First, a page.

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Dominic

Well, Pappy said around 1980 that oil was "worth a hundred dollars".
How much would that be worth in the depreciating 2008 USD? Almost 300 now, right?

Just like I pointed out thanks to McKillop, price rises in oil (to a certain extent) actually help create economic growth.. Once *supply* problems begin, we will have an enormous problem, Houston. (And it is coming out that Russia has hit the production ceiling - I admit it took a bit longer than I was assuming..-)

Since the world still hasn't fallen off the bumpy peak plateau (except, of course, in terms of return on investment) of supply flows, we still don't know how much it's worth. Finding the ceiling might take 10years or more, til we have to start making it ourselves out of less non-renewable stuff..

So - what were the 3 things I was harping on about 5 years ago? Real estate, oil and the demand stagnation/destruction caused by faul (over-aged) demographics in most of the West, East Block and China. The demographics problem will probably kick in around 2009-2010. "Problems" resulting from Peak Oil (having, btw, nothing to do with price) are already evident in such poor places like Pakistan and half of Africa. When will this reach the US? That will probably take a few years...

By the way, real estate has been depreciating in most parts of Germany since about 1993. Demand remains high in Munich.

BTW, replacing transportation with electric (or whatever other substitutes like ethanol) will place enormous pressure on really *all* resources, especially metals.

The price spiral has begun. Stagnation too.
Stagflation anyone??

All the best throughout the next generation.

jon

before replacing diesel in the US, EV first has to show it can deliver the HP. your average 18-wheeler needs a lot of HP to move all that stuff, 300hp only on the very low end, sometimes up to 650-700hp. i haven't seen any feasible results like this (doesn't mean they're not there).

this country survives on the relatively low cost of big-rigging everything, everywhere, every day, on every interstate -- and the strikes have just begun in the past months, with the cost of diesel. it will be a big task to revitalize this industry.

Dominic

By the way, reguarding this price spiral, I would agree with the "speculation" argument from Ed Wallace:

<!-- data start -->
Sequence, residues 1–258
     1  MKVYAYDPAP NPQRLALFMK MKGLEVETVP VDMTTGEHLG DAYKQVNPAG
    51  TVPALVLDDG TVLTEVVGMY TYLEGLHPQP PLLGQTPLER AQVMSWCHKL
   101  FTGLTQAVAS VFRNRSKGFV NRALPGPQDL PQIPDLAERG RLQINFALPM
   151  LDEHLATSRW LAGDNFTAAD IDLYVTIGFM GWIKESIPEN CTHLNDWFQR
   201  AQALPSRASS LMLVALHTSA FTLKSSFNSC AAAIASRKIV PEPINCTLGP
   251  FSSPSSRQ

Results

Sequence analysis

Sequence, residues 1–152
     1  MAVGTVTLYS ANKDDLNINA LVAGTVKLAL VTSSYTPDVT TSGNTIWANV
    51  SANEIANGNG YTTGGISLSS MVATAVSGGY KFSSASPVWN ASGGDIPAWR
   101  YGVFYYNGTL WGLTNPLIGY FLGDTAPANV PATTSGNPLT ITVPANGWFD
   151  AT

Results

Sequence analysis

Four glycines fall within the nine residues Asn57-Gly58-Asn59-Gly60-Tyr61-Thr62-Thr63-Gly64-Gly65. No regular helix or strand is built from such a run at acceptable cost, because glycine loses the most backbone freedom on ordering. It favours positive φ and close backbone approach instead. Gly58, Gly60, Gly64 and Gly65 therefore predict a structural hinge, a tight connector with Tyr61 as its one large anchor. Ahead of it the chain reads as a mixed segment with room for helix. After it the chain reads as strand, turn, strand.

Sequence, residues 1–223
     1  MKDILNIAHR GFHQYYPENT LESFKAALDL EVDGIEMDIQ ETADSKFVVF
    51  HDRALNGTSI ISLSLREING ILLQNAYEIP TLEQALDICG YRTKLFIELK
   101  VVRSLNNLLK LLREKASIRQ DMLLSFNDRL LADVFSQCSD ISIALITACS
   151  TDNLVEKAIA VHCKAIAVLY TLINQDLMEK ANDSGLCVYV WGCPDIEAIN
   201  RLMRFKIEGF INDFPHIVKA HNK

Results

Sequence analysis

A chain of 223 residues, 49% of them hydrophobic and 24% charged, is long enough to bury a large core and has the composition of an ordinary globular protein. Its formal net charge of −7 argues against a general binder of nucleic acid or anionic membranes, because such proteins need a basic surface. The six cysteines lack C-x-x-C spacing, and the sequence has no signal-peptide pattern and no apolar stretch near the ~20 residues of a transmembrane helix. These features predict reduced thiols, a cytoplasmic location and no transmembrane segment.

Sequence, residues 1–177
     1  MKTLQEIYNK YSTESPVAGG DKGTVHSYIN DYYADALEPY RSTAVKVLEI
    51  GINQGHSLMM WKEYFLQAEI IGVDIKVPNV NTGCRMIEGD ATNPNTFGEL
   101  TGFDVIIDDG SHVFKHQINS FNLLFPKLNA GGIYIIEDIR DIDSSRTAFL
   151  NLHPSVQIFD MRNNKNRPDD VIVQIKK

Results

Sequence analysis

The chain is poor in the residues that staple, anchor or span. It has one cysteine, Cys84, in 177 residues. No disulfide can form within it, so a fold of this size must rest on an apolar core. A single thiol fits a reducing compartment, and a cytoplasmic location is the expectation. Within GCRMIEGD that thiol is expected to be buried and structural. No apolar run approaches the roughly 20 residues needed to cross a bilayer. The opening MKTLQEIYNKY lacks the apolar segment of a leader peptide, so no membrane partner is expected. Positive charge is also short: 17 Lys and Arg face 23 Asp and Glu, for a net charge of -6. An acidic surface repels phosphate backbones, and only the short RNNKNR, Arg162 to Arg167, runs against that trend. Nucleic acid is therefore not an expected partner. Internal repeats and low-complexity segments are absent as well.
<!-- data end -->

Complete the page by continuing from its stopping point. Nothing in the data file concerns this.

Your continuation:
http://www.businessweek.com/lifestyle/content/apr2008/bw20080422_520796.htm?chan=rss_topStories_ssi_5
Markets don't make all their moves because of fundamentals...

Dominic

@jon
"EV first has to show it can deliver the HP."
The vehicles themselves **as well as the infrastructure** must be redesigned to fit the technology (if it is indeed EV). An electric motor on each wheel, for instance. And who says that a truck has to do 0-50 in 10 seconds? If it takes five minutes to get up to speed, the fresh produce will still get to market on time, even if the fellow motorists are bothered by a (to be newly invented) truck lane..
Cheers, Dom

Chris Stewart

Daniel,
I think most people would say you lost the $1000 bet.

You need to give up thinking about oil and just listen to Dominic.

Your and people like you discounting the importance of getting off the oil habit and lack of reality concerning alternative energy sources really does a disservice to this nation.

Dominic

Now, Chris,
don't you get "carried away" there now. If we're really counting peak of all liquids for the bet, it might take decades for the statistics to catch up with the reality that prices are (partially) trying to tell us is here. BP'll be squeezing oil out of coal before it really does go "beyond petroleum" in a renewable sort of way. Part of a bet is the technicalities that go along with it too.

It is now becoming obvious to most (even Yergins??) that peak is here to stay. Daniel's point is that the markets will take care of it. The markets sure are punishing the US govt (and the world) for subsidizing ethanol right now. Soon they'll be awarding the companies **and countries** which get to renewables first richly.

And I agree with him - to a degree:-)
It's just, oil shortages (once production *really* begins to fall - which it hasn't yet!!) will have crippling effects on many regions/sectors, which could have been avoided with a bit of planning. LIKE: DoD revamping the entire military away from the use of oil!!

An aside: These price rises have been the best thing that could have happened to the world, i.e. sending a stern warning, before production really drops. Who cares what we all *think* about it. It's our pocketbook that matters..

Cheers, Dom

Daniel Schmelzer

@Chris: Red card -- declaring victory before the game has been decided. Even though it's not looking good right now, I still have till 2014.

The other parts of your comment are baffling.

Laptop Mom

There is quite a bit of excitement in the mid- section of the country as new oil fields are being brought on-line. There's that enormous field out in North Dakota, part of Wyoming and on into Canada. Lots of production. Pennsylvania has a field to be exploited. In Ohio there are new wells. New drilling techniques are making it possible for these fields to be extracted. Horizontal drilling where they drill down and then make a right angle into the shale. In upper Louisiana there is a field that is becoming promising. And if we could be allowed to, there is the off-shore drilling in the arctic which is pretty deep but a great potential field is there. The Russians are finding it on their side of the divide. Possibilities, possibilities. There's a lot of oil for everyone. And it's not necessarily in the mid-east. Brazil is finding oil off its coasts.

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